The public health agency recommends that RTS,S malaria vaccine should be administered in a schedule of four doses in children aged five months and above
The World Health Organization (WHO) has recommended the wide roll-out of malaria vaccine RTS,S/AS01 (RTS,S), among children in Africa and other regions with moderate to high malaria transmission.
According to the international public health agency, RTS,S/AS01 malaria vaccine should be administered in a schedule of four doses in children aged five months and above.
British drugmaker GlaxoSmithKline (GSK) has been developing the vaccine for more than 30 years, and in partnership with PATH since 2001.
It is the only approved vaccine for malaria, currently being piloted in Ghana, Kenya, and Malawi under the Malaria Vaccine Implementation Programme (MVIP).
WHO recommendation is also based on results from the ongoing pilot programme in Ghana, Kenya, and Malawi, involving more than 800 000 children since 2019.
According to the new data, RTS,S, together with seasonal antimalarials, has lowered clinical episodes of malaria, hospitalisation with severe malaria, and deaths by around 70%.
WHO director-general Dr Tedros Adhanom Ghebreyesus said: “This is a historic moment. The long-awaited malaria vaccine for children is a breakthrough for science, child health and malaria control.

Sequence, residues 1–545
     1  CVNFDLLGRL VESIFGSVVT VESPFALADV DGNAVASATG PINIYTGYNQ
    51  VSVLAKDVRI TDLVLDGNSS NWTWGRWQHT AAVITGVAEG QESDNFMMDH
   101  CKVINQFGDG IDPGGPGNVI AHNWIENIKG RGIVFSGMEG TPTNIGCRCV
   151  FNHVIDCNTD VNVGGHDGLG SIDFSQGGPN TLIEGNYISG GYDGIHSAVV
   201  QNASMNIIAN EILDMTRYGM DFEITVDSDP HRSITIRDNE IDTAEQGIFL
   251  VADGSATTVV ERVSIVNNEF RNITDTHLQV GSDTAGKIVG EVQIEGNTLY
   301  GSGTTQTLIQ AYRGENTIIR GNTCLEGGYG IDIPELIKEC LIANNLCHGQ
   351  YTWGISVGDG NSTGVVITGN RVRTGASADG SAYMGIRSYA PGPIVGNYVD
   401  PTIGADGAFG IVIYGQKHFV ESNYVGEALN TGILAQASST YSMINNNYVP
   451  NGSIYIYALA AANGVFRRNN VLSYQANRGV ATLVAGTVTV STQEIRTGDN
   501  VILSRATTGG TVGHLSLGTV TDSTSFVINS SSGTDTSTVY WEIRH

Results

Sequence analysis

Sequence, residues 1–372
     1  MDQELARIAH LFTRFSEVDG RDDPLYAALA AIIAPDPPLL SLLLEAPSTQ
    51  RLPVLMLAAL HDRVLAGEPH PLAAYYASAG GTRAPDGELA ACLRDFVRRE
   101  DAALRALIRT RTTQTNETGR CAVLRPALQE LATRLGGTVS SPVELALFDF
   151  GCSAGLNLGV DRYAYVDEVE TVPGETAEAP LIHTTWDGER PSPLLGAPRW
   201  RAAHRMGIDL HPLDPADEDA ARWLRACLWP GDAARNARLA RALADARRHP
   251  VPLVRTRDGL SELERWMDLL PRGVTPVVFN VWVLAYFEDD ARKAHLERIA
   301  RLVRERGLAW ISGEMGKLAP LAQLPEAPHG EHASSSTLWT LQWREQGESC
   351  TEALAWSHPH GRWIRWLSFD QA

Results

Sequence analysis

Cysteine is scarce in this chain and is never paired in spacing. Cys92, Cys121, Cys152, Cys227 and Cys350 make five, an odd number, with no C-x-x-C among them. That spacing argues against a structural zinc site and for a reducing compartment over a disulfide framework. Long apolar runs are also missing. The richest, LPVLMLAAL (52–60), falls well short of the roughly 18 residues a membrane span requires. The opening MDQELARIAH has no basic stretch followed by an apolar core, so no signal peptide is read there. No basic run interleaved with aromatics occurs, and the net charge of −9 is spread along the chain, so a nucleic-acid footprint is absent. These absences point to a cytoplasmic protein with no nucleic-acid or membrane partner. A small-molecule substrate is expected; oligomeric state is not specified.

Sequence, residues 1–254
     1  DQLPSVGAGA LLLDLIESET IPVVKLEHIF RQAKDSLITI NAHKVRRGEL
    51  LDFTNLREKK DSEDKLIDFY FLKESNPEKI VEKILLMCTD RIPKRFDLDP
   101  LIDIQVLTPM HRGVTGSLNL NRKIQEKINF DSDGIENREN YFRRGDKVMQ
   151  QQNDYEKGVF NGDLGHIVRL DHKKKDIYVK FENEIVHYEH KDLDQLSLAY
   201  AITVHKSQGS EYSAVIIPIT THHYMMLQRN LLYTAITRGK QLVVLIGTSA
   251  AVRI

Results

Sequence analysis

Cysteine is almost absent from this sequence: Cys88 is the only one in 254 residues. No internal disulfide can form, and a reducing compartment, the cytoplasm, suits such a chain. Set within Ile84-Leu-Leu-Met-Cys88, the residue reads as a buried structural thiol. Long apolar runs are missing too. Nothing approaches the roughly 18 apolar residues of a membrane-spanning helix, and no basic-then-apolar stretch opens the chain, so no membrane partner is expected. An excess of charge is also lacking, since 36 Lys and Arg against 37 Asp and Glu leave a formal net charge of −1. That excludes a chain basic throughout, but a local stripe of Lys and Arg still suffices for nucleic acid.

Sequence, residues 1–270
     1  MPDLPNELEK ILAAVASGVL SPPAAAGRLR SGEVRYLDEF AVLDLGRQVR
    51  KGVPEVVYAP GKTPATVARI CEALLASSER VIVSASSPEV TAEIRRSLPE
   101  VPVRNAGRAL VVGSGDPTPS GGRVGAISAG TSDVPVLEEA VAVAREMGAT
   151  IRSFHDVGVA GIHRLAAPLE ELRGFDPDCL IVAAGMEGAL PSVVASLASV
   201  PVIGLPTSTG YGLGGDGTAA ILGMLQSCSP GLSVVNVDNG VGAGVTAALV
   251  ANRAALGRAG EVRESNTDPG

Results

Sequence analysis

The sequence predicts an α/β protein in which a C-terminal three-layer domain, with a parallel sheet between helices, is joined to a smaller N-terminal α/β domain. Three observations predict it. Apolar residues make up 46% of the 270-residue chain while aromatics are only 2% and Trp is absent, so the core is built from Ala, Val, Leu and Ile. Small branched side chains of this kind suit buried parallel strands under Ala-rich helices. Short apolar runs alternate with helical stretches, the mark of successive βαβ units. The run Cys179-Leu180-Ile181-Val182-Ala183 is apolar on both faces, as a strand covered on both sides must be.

“Using this vaccine on top of existing tools to prevent malaria could save tens of thousands of young lives each year.”
Earlier this year, GSK reached a product transfer agreement with industry partners PATH, and Bharat Biotech (BBIL) to ensure the long-term supply of RTS,S malaria vaccine.
The agreement builds on the company’s commitment to donate up to 10 million doses for the pilot programme under MVIP, and supply up to 15 million doses annually through 2028.
GSK claimed that it is working with partners to ensure equitable and long-term access to the RTS,S vaccine for people who need it
The pilot programmes under MVIP showed a high impact in real-life childhood vaccination settings, that RTS,S can be delivered through routine child immunisation platforms.
GSK chief global health officer Dr Thomas Breuer said: “GSK is proud that RTS,S, our ground-breaking malaria vaccine, developed over decades by our teams and partners, can now be made available to children in sub-Saharan Africa and other regions with moderate to high malaria transmission.
“This long-awaited landmark decision can reinvigorate the fight against malaria in the region at a time when progress on malaria control has stalled.
“Both real-world evidence and clinical trial data show that RTS,S, alongside other malaria prevention measures, has the potential to save hundreds of thousands of lives.”